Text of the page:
Most visitors are Vietnamese and South Korean, Hoa Mai, our 21-year-old waitress, said.

Whether it is Vietnamese, Japanese, Chinese or westerners, everyone seems to come for the experience: the extravagant show, a sneaky photo of the performers, and perhaps, a selfie with the girls. The food, though advertised as freshly imported from the North, fails to spark much interest.

The North’s cuisine largely resembles South Korean food. But neither the cold, fancy kimchi soaked flatfish, the warm seafood pancake or the soggy icy noodles scored any points for the night.

A bill for two was around $40, but it was well worth it for the overall experience.

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A $45 meal for two: kimchi spiced flatfish, seafood pancake, cold noodles and chili fish-egg soup. Photo by VnExpress/ Trang Bu


But regardless how banal the food is, North Korean food culture doesn’t allow any waste.

“Please eat, don’t worry!” Hoa Mai gave us a frown as we hesitated over testicle-looking bags of fish egg.

In an interview with Munchies (Vice) this January, Simon Cockerell, a British tour specialist who has been eating the cuisine for 14 years, explained the people’s memories of the famine and how it affected their food culture.

"Anyone over the age of 20 there has memories of living in a famine," he told the food website. “People know that missing a meal is an extravagance that they used to not have, so they really go for it. There's no real concept of leaving food.”

Hoa Mai’s look was enough for us to reluctantly bring home four big boxes of leftovers.

At 9, the show ended, allowing Hoa Mai a chance to talk while she was running between tables.

Pyongyang is in its ninth year, Hoa Mai said, and it has welcomed at least three batches of waitresses from the homeland. All of the waitresses are female interns from Pyongyang Tourism College, doing their three-year training overseas.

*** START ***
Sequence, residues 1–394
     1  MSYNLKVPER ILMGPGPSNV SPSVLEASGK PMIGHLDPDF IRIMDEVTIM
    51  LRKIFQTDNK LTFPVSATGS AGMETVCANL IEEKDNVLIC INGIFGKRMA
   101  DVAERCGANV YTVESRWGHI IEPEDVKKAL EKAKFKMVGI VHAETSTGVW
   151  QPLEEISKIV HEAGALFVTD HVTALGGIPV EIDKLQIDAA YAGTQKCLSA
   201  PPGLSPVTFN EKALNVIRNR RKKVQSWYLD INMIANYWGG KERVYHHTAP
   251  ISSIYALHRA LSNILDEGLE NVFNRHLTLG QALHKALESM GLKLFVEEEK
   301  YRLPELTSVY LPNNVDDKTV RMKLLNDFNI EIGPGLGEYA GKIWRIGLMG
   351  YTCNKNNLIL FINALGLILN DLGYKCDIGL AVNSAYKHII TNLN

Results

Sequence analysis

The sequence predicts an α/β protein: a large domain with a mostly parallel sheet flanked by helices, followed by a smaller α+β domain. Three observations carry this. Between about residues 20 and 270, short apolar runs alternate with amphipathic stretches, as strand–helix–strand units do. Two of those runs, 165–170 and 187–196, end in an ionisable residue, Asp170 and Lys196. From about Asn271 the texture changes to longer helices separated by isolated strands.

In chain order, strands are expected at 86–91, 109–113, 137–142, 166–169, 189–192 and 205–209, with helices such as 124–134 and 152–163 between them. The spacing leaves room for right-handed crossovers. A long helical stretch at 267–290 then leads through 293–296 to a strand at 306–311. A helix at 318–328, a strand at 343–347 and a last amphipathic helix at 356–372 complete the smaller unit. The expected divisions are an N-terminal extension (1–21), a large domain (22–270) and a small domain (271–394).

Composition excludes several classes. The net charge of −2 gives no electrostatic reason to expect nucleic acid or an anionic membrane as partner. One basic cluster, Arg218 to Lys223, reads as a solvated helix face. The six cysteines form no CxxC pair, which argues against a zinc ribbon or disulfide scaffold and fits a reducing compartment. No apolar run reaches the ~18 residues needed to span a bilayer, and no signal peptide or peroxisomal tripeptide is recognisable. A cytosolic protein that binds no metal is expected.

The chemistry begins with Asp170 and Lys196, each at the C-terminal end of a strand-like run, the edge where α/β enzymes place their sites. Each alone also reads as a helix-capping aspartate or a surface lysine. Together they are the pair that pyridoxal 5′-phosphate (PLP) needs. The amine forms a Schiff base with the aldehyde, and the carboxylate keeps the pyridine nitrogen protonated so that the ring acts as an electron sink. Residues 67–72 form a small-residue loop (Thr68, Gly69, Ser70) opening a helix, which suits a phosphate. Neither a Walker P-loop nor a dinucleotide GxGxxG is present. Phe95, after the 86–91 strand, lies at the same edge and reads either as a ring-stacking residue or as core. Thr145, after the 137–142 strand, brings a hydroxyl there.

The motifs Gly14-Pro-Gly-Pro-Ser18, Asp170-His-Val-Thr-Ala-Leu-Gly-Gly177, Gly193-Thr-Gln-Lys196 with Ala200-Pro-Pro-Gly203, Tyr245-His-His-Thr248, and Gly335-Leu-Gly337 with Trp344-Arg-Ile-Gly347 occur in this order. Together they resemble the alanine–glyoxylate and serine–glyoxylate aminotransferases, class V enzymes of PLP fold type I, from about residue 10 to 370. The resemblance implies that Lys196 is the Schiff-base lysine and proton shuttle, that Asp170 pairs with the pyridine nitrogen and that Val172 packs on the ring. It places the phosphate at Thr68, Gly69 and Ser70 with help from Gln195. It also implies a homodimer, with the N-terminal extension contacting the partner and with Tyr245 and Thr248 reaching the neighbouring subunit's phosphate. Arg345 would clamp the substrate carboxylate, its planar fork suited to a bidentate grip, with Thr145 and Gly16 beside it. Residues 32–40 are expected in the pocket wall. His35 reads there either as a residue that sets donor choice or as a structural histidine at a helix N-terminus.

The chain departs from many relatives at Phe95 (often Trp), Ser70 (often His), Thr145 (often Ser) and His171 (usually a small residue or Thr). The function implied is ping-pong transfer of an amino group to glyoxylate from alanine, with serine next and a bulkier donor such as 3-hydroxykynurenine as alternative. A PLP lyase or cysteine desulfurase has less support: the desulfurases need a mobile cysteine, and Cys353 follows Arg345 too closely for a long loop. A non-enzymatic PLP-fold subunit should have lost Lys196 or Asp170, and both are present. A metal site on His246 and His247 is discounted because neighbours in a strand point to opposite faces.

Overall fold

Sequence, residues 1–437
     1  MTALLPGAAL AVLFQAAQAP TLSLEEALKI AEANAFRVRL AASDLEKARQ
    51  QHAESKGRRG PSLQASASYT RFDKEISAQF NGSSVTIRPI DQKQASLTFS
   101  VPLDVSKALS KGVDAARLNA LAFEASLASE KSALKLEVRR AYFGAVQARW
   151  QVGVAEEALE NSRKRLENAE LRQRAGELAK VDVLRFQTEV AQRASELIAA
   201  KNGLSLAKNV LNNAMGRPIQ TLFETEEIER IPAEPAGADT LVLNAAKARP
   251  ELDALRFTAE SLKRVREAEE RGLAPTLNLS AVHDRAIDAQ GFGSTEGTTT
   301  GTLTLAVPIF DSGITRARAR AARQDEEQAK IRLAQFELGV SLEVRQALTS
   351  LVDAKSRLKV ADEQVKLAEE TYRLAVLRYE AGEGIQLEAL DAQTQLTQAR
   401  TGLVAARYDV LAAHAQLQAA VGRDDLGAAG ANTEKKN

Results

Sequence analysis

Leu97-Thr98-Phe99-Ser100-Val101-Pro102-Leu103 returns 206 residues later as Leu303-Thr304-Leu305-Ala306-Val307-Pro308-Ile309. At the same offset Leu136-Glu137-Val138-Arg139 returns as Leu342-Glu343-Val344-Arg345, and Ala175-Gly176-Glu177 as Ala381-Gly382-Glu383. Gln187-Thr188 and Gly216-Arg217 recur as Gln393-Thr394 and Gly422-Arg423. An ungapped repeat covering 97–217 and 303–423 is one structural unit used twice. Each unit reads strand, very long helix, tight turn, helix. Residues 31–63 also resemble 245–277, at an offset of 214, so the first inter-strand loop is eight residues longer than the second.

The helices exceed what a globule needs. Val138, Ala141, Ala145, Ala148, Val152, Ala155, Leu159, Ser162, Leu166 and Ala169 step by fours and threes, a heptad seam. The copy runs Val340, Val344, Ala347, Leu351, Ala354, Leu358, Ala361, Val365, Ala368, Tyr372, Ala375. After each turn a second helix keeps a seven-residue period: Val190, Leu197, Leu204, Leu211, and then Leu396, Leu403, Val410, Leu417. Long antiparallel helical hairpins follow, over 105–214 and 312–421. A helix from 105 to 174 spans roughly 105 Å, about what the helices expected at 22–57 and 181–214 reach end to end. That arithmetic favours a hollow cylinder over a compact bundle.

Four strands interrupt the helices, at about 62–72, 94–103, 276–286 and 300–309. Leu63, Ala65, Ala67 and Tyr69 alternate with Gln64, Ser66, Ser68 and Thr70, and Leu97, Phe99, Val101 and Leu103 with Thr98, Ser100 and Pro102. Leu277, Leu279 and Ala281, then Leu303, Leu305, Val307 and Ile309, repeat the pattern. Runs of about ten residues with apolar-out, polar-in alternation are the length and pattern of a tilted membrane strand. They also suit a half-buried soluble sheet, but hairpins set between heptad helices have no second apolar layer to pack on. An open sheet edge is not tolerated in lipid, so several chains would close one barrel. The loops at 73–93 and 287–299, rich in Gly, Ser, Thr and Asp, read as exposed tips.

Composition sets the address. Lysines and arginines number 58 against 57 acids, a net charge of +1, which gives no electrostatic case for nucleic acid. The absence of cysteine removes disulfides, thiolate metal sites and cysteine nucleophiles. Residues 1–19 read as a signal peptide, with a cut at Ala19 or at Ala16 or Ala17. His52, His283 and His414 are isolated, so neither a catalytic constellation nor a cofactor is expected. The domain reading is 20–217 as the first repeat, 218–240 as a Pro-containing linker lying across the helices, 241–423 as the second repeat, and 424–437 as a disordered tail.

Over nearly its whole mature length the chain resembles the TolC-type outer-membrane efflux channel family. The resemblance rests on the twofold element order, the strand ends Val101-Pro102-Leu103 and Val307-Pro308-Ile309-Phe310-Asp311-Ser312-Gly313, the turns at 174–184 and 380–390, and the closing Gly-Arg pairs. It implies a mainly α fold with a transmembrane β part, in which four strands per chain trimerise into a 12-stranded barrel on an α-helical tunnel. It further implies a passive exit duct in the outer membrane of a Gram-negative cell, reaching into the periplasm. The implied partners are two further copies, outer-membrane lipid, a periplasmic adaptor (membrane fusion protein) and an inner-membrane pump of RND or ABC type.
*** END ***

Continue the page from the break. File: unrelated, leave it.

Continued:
Like most of her colleagues, Hoa Mai speaks four foreign languages, all at intermediate levels: Vietnamese, English, Japanese and Chinese.

“I’ve been here for two and a half years,” Hoa Mai said in Vietnamese with an almost flawless accent.

Here, though the women insist customers call them by their Vietnamese names for fear of revealing their identities, they claim to have a good life, living together in a nearby dormitory and allowed to go out at night. In six months, Hoa Mai will return to finish her last two years of college. 

“Of course we are on Facebook,” Hoa Huong, a 22-year-old waitress, said after Hoa Mai had left with the restaurant already closing. But she immediately stopped when asked if we could be friends on the social network.

Would Pyongyang fear all its propaganda would be a lie to these students? Probably. Last April, 13 workers at a restaurant in China defected successfully to the South, prompting North Korea to close 20 already dwindling businesses out of 130 worldwide.

But for now, they are living in a world with the internet, speak with foreigners every day, and probably know more about their country than anyone else at home. 

Hoa Huong ended the conversation quickly by agreeing to a picture before she left.

“Thank you, I don't think I can [add you on Facebook],” Hoa Huong said, shaking her head and smiling.

Pyongyang Restaurant

28 Nguyen Thi Dinh, Cau Giay District, Hanoi

10 a.m. to 10 p.m.

*Correction: An earlier version of this article published on December 4, 2017 stated that Pyongyang Restaurant is the last North Korean restaurant in Hanoi. There is another one, Koryo restaurant, which opened last year in Cau Giay District, Hanoi.

Michael Finelli contributes reporting